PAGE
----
100 mg IV was given, as well as 2 g of magnesium
empirically. 20 mEq KCL
was given after the initial potassium returned at 2.6 mEq/L. The patient remained in refractory VF and an esmolol
bolus, then drip, was started for treatment of ventricular storm.5
Further defibrillation shocks were administered without ROSC. Movement of the patient during CPR had stopped, but the end tidal CO2 remained over 20 mmHg. His oxygenation saturation had improved after intubation and placement in the Head Up position.
was then performed by placing two separate sets of pads on the patient at once, then performing a simultaneous shock. After 38 minutes of ED CPR and 25 minutes of out of hospital CPR (total, 63 minutes), ROSC was obtained, with a corresponding increase in end tidal CO2 from the 30 mmHg range to 50 mmHg range. The patient was kept in the Head Up position. His Chest X-Ray showed diffuse right lung airspace opacities.
Here is a post-ROSC ultrasound:
There is very poor LV function. There is no movement of the lateral wall (lower right). There is also apparent thrombus in the right atrium. With prolonged stasis in cardiac arrest, such thrombi can form. Of course, one must also entertain the possibility of pulmonary embolism as the etiology of the arrest. Ventricular fibrillation is the initial rhythm in less than 5% of arrest from pulmonary embolism.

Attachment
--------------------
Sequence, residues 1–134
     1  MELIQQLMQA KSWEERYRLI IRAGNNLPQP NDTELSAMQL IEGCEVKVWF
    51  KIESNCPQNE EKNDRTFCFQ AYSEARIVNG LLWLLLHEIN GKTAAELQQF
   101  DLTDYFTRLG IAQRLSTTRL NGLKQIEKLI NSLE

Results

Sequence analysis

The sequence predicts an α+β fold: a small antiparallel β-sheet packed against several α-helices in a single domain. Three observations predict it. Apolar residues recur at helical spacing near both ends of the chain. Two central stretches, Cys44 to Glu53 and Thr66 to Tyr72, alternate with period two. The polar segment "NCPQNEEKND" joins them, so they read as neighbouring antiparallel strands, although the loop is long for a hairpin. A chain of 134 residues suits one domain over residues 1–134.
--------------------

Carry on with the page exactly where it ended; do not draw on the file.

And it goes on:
Here is a parasternal short axis view:
An ECG was obtained:
|Sinus rhythm with huge infero-postero-lateral STEMI|
The cardiac catheterization lab was activated. Aspirin, ticagrelor, and heparin were given. Unfortunately, the catheterization lab team had just started an emergent and complex case, so the cath lab was occupied indefinitely.
Consideration was given to tPA administration for treatment of STEMI, due to the delayed catheterization time. However, after discussion between the Emergency Physicians and Cardiology physicians, tPA was not given for the following reasons 1) The patient still had scant blood coming from the endotracheal tube 2) The consequences of giving tPA after over 60 min of CPR were unclear and the risk here was thought to be greater than the benefit 3) The patient would get to cath, albeit not as fast as the team would like. The ED physicians arranged for the patient to be transferred to a nearby hospital that had a cardiac catheterization team available.
The esmolol drip was continued and a low dose epinephrine drip was started due to hypotension to maintain a MAP greater than 60 mmHg. An intravascular cooling catheter was placed and therapeutic hypothermia was begun. Transport arrived for the patient, and he went for catheterization at the outside hospital, which showed a culprit lesion in the proximal left circumflex artery. A drug eluting stent was placed.